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Miami Scholars Public Interest Program Showcases its Exceptional Students at Welcome Luncheon

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Miami Scholars at the Welcome Reception

Miami Scholars at the Welcome Reception(Photo: Miami Law) Full-Size Photo

The Miami Scholars Public Interest Program kicked off the year with a welcome luncheon, featuring 47 Miami Scholars and program directors Marni Lennon and Myles Cochran.

Miami Scholars are students who, along with exceptional academic credentials, have a demonstrated commitment to public interest and thereby been accepted to the program and received a significant scholarship to Miami Law. Accepted members come from over 35 different undergraduate schools, over 10 different graduate schools and have worked and/or studied in over 10 different countries.

Each of the students took a few moments to share the experiences and pathways which led them to Miami Law for this prestigious scholarship program. As each told his or her story, students and guests marveled at the wide range of impactful work undertaken by this group and the passion they exuded when sharing their personal anecdotes.

"I was overwhelmed by the number of passionate and intellectual students with such diverse interests in one room," said Miami Scholar Caitlin Griffin who was a Teach for America mathematics instructor before attending law school. "The fact that the Miami Scholars program is the common thread among us makes me grateful to be a part of this program."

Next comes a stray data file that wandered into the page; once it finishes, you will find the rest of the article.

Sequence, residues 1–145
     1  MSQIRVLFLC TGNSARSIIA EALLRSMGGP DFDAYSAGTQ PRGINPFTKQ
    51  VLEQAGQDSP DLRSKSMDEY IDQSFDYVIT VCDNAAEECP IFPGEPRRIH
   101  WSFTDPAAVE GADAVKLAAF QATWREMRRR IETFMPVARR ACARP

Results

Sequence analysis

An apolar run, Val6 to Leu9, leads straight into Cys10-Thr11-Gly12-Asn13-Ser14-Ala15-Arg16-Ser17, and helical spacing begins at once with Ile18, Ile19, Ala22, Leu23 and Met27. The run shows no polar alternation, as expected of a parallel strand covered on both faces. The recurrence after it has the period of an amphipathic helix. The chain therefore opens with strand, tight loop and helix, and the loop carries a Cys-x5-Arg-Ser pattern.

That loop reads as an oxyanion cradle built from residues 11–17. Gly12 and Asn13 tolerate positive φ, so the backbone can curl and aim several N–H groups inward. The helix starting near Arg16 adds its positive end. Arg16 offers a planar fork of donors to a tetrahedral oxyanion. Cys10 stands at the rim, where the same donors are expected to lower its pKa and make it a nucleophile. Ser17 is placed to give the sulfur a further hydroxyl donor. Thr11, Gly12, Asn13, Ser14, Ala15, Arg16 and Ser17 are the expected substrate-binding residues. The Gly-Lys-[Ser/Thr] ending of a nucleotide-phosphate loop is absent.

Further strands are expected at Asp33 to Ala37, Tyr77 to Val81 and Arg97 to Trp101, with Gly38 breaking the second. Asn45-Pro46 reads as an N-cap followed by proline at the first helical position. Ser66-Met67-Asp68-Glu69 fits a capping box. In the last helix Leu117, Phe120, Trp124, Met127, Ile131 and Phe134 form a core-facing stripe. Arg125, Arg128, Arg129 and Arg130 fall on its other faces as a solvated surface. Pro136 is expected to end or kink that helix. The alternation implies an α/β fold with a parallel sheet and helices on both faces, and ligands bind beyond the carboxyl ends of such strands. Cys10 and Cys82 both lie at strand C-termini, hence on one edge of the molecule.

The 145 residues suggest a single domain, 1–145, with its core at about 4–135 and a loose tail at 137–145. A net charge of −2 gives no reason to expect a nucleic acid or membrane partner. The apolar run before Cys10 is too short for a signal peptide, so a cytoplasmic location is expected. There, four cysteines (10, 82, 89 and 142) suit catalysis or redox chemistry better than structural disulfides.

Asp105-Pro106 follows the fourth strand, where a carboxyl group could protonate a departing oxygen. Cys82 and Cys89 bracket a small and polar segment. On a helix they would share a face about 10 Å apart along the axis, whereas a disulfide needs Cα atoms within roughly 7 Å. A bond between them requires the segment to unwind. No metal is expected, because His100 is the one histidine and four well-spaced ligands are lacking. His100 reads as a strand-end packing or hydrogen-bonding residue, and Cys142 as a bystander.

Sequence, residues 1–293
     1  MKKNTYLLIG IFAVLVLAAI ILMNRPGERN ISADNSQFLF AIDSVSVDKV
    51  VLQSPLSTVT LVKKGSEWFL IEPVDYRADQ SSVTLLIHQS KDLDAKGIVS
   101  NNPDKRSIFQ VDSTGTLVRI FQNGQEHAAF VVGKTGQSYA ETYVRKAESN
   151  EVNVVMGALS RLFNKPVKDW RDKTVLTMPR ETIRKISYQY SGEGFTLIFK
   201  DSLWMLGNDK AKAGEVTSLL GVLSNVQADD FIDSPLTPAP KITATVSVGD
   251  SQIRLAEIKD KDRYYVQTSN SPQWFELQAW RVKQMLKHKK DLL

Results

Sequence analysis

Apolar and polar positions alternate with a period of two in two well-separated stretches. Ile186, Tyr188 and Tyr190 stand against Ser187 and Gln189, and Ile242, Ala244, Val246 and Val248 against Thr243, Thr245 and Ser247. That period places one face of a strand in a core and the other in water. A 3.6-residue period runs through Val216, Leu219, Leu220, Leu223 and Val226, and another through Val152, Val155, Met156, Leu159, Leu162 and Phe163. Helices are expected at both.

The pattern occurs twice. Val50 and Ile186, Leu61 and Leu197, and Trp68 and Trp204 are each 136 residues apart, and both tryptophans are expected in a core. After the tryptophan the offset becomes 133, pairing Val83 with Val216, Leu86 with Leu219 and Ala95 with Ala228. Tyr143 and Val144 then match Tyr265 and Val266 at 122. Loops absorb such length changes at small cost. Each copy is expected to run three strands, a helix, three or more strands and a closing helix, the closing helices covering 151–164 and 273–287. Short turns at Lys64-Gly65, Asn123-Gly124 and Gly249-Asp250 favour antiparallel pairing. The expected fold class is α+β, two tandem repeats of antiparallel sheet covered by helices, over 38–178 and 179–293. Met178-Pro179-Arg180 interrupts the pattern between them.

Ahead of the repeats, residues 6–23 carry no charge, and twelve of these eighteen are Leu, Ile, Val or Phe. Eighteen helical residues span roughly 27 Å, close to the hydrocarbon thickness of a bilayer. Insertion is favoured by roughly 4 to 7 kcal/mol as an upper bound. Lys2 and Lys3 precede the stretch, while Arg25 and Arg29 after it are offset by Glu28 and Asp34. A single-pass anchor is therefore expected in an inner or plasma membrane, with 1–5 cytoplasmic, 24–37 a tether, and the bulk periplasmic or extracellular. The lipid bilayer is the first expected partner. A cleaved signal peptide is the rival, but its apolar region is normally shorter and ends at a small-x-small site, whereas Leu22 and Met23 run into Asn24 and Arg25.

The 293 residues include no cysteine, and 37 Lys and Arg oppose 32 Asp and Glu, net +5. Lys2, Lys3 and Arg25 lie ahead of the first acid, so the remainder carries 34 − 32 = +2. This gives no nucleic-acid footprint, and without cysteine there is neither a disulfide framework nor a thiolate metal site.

For 3L Zachary Ludens, the Miami Scholars Public Interest Program offers an invaluable support system to its members. "Whether it is putting you in contact with a practitioner that someone knows, helping you create your dream job, or moving your resume to the top of the pile with the judge or agency that you are applying to, the Miami Scholars program puts everyone in the best position to succeed and reach their dreams," said Ludens.

Among the Miami Scholars present at the luncheon was 1L student Elizabeth Fata, who worked on sustenance issues in salmon restocking for remote Inuit villages in Alaska, and Valerie Toth, who previously worked with the Pan American Development Foundation (PADF), a nonprofit foundation within the Organization of American States, where her work involved developing and strengthening public-private sector alliances.

For published author and former minister, Trinity Jordan, the Miami Scholars Public Interest Program is what led him to uproot his family from Utah to Miami for law school.

"After researching law schools across the country, Miami Law became my destination of choice based on the award winning public interest program Miami Scholars," said Jordan. "After coming to Miami Law I was even more impressed with the caliber and backgrounds of the Miami Scholars. While listening to the stories of the Miami Scholars I knew that I was sitting amongst the next generation of change agents in the legal world."

While funding to public interest programs is on the decline nationally, Miami Law and the Miami Scholars Public Interest Program continue to invest in outstanding individuals who have committed their lives to effectuate change, nearly doubling in size over the past 3 years.